by Sarah Reilly
Great community facilities are more than just a space to get together and deliver services – they can be catalysts for change, for new connections, and for collaboration to create many levels of community benefit. We visited three new facilities achieving this in high growth areas in Melbourne – here’s just some of what we learned.Epping Community Services Hub, City of Whittlesea
Providing office space for services and a hub for the community, after just over a year of operations the Epping Community Services Hub is looking like a very successful model for collaboration between services, rather than just co-location. Key to the success of the project has been a detailed understanding of community needs, a common vision between Council and the lead tenant, and an action learning process with careful design to encourage service collaboration and make a great space for the community.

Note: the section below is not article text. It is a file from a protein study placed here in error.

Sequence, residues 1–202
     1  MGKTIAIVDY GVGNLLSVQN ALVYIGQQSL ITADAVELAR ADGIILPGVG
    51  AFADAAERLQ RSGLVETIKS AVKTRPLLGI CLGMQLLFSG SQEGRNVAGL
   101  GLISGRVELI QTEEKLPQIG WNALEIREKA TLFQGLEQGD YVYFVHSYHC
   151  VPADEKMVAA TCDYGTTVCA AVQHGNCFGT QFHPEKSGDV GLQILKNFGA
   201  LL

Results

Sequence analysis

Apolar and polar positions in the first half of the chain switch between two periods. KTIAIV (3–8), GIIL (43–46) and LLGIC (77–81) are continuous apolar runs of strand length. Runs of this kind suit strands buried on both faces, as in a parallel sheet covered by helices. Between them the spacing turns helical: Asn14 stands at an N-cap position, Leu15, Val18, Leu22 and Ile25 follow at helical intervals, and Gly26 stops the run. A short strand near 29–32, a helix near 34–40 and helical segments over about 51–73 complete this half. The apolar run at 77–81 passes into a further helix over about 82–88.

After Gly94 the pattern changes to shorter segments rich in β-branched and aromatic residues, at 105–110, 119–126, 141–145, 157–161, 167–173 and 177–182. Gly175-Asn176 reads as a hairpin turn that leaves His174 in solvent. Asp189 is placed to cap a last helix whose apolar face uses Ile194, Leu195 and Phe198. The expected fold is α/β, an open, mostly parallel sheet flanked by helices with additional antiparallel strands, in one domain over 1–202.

When the opportunity came up to buy an old Centrelink building at a reduced rate, the City of Whittlesea was ready to go. Through their existing background research and strategic planning, Council had a clear understanding of the needs of their community – including a need for space to house services, and for new services to address increasing demand. This meant that Council could respond quickly, knowing it was a step towards meeting identified community needs.